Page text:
Mozart contributed three compositions to the original Harmonie repertoire: Serenade No. 10/n B flat Major, K. 361/370a, Serenade No. 11 in F-flat Major, K. 375, and Serenade No. 12 in C minor, K. 388/384a. These pieces remain the archetypal realization of the ensemble’s inherent musical possibilities. Although all were written within a rather short period (1781-1784) coinciding with the formation of the Kaiserlich-Königliche Harmonie, there is still much scholarly debate as to the exact dates (and therefore, order) of their composition.
The Serenade No. 12 in C Minor K. 388/384a is most likely written in late 1782 or 1783. This serenade is the only serenade or divertimento set in a minor key and employs somber conflicts and dramatic juxtapositions of emotion found in his most serious and mature works, while closely following the tight-knit, four-movement symphonic form.
- Program Note by Brian K. Doyle for Temple University Wind Symphony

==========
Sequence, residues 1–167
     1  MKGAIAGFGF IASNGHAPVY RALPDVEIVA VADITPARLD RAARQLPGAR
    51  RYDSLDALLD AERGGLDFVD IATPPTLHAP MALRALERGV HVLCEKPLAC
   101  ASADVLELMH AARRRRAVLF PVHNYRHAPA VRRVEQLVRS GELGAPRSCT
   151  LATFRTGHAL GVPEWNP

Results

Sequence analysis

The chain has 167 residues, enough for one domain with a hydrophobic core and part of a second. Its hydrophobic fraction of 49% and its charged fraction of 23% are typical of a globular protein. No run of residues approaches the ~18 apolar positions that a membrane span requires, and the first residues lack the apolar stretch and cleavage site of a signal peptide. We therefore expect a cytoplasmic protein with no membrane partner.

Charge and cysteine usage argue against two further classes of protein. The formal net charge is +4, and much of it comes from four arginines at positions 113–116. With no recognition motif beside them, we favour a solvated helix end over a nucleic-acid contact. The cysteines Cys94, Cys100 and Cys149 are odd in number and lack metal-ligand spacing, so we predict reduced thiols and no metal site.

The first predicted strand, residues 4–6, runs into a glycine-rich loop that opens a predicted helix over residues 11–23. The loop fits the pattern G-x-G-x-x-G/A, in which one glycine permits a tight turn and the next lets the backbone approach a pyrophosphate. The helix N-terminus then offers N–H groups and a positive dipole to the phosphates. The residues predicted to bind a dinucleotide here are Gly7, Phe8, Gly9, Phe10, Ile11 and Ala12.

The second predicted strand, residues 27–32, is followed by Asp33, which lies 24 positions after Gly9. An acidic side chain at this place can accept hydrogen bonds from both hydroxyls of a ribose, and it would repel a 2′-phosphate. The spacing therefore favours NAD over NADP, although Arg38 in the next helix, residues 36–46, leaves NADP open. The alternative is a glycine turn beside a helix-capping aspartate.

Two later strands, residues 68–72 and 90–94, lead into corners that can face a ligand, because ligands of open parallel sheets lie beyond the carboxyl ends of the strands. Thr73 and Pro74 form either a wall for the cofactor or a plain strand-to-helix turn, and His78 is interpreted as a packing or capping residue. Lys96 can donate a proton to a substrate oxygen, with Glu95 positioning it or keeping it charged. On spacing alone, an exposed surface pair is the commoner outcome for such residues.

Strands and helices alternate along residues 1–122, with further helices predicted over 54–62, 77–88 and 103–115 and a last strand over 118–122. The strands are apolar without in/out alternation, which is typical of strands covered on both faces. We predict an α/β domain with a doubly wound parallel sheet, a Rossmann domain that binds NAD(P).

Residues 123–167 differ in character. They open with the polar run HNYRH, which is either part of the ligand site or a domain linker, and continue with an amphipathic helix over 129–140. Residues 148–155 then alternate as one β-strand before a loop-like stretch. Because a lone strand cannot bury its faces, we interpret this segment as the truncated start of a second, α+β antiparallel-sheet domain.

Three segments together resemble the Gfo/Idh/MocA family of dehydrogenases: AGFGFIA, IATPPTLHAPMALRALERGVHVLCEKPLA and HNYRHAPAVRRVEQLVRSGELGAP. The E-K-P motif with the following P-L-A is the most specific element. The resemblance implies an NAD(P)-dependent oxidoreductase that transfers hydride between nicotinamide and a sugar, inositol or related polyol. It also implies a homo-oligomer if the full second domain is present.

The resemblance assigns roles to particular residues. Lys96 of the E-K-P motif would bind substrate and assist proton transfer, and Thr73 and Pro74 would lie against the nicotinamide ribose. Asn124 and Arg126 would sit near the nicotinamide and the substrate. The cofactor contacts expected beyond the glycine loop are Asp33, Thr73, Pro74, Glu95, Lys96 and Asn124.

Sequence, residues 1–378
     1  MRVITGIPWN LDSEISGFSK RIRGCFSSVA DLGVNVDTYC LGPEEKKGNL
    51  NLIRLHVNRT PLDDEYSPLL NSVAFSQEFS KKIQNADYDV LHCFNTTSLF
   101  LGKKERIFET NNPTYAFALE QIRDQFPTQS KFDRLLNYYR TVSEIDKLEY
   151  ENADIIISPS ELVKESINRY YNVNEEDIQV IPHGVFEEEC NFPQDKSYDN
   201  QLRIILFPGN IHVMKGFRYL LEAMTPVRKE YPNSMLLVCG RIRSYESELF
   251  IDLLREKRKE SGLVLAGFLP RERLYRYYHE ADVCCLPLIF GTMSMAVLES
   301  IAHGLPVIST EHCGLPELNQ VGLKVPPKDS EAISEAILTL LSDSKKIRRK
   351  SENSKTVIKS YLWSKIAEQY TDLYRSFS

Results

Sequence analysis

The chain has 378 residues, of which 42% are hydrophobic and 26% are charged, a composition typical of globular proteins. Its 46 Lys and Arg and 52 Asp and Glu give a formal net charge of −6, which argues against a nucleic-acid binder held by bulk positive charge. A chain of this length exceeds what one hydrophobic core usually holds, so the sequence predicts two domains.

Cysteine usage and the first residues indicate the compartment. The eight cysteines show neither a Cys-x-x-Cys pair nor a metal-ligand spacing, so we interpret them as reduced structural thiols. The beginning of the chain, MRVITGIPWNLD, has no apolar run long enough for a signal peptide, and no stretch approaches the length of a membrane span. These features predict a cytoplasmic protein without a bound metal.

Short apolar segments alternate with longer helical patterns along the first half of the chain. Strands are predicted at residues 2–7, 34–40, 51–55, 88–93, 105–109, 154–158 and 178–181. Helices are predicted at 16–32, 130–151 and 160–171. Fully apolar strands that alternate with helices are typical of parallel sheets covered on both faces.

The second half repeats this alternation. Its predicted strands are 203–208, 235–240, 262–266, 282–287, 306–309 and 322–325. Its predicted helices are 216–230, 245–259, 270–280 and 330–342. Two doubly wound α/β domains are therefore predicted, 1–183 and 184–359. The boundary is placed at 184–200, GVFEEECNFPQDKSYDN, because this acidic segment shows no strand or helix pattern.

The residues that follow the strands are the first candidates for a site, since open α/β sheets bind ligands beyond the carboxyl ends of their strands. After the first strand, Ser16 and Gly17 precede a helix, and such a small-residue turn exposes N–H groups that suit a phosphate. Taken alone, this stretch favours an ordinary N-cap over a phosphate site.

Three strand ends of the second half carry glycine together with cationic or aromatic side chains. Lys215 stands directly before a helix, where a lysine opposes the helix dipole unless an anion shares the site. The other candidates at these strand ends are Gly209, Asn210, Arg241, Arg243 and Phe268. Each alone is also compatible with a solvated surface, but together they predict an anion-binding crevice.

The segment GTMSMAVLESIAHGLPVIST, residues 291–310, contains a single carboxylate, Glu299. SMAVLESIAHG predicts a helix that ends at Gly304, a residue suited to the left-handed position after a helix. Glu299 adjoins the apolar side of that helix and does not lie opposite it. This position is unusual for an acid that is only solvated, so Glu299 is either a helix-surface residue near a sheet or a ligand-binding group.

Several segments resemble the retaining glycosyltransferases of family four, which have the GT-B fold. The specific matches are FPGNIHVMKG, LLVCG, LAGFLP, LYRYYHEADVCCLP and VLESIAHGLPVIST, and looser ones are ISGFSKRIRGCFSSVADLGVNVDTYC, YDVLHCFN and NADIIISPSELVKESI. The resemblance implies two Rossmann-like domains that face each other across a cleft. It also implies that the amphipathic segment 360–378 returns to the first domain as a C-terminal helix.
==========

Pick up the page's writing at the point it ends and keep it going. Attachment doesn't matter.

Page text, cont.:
On March 5, 1988, Susan Eck Lichtenwalter passed away at the age of 44 following a thirteen-month illness. Shortly after her premature death, the students of Kappa Kappa Psi and Tau Beta Sigma at the University of Texas at Arlington approached her husband, Director of Bands Ray C. Lichtenwalter, expressing their desire to honor her memory by commissioning a major work for the UTA Wind Ensemble and the wind band repertoire. This work by David Maslanka is the result of the students' expression of love and caring.
The opening declamatory statement of the hymn-tune by the brass and percussion, and then by the full ensemble, sets the stage for a work which dramatically captures the conflict and celebration of human life and emotion. The main body of In Memoriam is a large fantasia interweaving variations on the hymn-tune with related thematic material. The quiet conclusion continues the variation process. It offers the listener a sense of peace and strength as expressed in the text of the 17th-century hymn:
If you but trust in God to guide you
And place your confidence in him,
You'll find him always there beside you,
To give you hope and strength within.
For those who trust God's changeless love
Build on the rock that will not move.
- Program Note by Ray C. Lichtenwalter